Also of note is the addition of renowned multi-instrumentalist Peter Apfelbaum to the JMP lineup. Apfelbaum worked on Masefield’s Tolstoy show, and though the rest of his resume is far too lengthy to delve into here, it includes collaborations with folks such as Trey Anastasio, Don Cherry, Charlie Hunter and Levon Helm. I’ll go out on a limb and say he’s probably pretty good. I’ll even go a step further and suggest that missing this show might be the silliest thing you could do all week.
Mention the name “Grace” to the average Vermont music fan and it’s likely only one local singer springs to mind. While that’s understandable, it is also unfortunate. Because, in the words of Yoda, “There is another.” Though not as immediately recognizable as Ms. Potter, Montpelier’s Sara Grace is equally dynamic, boasting pipes that are second to none — including those of “our little Gracie.” Soulful, emotive and blessed with a sly, biting wit, Sara Grace is among central Vermont’s best-kept secrets. This Saturday, Montpelier’s Black Door Bar & Bistro welcomes the rootsy songwriter’s return to the stage with her all-star backing band, The Suits, which includes local luminaries Andy Suits (drums), Giovanni Rovetto (bass), Asa Brosius (dobro), Tom Morse (trumpet) and special guest, ace trombonist Andrew Moroz.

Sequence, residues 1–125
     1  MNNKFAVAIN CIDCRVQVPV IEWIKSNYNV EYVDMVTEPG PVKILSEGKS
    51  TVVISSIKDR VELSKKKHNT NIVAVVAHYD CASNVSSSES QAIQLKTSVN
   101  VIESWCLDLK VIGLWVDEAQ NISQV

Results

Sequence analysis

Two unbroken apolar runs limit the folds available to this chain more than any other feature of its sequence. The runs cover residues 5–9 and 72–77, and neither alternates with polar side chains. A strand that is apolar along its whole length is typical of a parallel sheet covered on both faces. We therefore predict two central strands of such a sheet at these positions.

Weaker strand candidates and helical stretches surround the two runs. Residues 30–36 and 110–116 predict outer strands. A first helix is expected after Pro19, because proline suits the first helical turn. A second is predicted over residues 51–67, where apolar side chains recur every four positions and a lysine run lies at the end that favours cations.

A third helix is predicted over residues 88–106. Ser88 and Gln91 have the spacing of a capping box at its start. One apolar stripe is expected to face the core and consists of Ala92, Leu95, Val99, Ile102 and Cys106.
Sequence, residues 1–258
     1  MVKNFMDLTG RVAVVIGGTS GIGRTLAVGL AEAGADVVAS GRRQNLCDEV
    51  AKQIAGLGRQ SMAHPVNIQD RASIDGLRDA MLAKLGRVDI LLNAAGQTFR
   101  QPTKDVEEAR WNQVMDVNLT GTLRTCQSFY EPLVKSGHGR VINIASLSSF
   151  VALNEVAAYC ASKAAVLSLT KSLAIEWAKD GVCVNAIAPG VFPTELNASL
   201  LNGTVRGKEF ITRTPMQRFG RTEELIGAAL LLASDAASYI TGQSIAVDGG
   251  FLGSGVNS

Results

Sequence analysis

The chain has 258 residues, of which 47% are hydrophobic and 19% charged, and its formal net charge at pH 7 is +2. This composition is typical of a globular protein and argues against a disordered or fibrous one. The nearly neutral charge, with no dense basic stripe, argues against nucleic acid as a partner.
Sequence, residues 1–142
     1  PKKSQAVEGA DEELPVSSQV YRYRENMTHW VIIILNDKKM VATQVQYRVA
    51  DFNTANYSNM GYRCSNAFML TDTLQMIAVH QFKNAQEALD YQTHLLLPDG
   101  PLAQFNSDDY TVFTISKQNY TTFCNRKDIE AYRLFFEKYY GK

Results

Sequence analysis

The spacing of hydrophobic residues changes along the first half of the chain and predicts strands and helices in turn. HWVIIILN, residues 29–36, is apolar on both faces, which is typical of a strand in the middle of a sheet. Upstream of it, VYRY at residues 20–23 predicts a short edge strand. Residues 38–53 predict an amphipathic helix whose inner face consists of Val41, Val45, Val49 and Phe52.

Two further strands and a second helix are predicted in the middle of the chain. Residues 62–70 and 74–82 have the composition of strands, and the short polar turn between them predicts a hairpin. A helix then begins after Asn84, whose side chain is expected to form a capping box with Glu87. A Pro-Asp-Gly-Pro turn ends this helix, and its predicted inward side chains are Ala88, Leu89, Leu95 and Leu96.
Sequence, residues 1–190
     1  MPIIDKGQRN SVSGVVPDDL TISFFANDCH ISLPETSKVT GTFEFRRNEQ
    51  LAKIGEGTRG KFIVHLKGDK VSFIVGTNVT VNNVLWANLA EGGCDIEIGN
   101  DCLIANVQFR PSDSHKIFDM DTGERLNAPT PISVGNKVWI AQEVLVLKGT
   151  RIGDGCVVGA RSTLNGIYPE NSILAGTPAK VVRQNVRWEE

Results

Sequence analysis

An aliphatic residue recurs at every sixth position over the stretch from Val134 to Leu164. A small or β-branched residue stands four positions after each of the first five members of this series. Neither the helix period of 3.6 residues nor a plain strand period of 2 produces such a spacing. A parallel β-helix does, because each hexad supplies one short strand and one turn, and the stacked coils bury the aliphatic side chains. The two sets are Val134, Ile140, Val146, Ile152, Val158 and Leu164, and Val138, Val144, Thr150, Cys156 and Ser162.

Congratulations once again to honky-tonk heroes The Starline Rhythm Boys. Their excellent 2008 live album Live at Charlie O’s World Famous finished the year at number two on the Freeform American Radio (FAR) charts. Their previous records, Honky Tonk Livin’ (2002) and Red’s Place (2007), both took the top prize in their respective release years. But SRB can take some solace in the fact that the band was awarded “Group of the Year” honors, and that their label, Cow Island Music, scored for “Best in Industry.”
This just in from Blues & Lasers: Bassist Bryan Dondero has left the band, citing the need for more downtime when not hopping the globe with Grace Potter & the Nocturnals. In his place, B&L has tabbed Rubblebucket Orchestra bassist John Ragone, who will join the group for their four-week Thursday-night residency, beginning this week at Nectar’s. FYI: In subsequent weeks, the party will move upstairs to Club Metronome.
Count me among those who wish The Cush would hurry up and finish their next album already. Do me a favor and hassle them this Friday as they play The Monkey House with The Vacant Lots and Ryan Power. (Note: I’m just kidding about the “hassling” thing. That’s really rude. Besides, I’m told the band is working hard on 15 to 20 tracks, and that the disc will be worth the wait.)
Speaking of new albums, local rockers Workingman’s Army are celebrating the release of theirs, Beginning at the End, this Friday at Nectar’s with special guests The Villanelles and Second Agenda. Look for a CD review in next week’s issue.
Finally, there has been rampant speculation of late concerning the rumored relocation of Neko Case to the Green Mountain State. Guess what? It’s true . . . I think. As reported recently in Paste magazine and last Sunday’s New York Times Magazine — among other publications — Case has indeed purchased a renovated barn in Vermont, where she recorded her latest album. But my stalking, er, attempts to reach the singer for confirmation have yet to yield any results. I’ll keep you posted . . .
DEPT. OF CORRECTIONS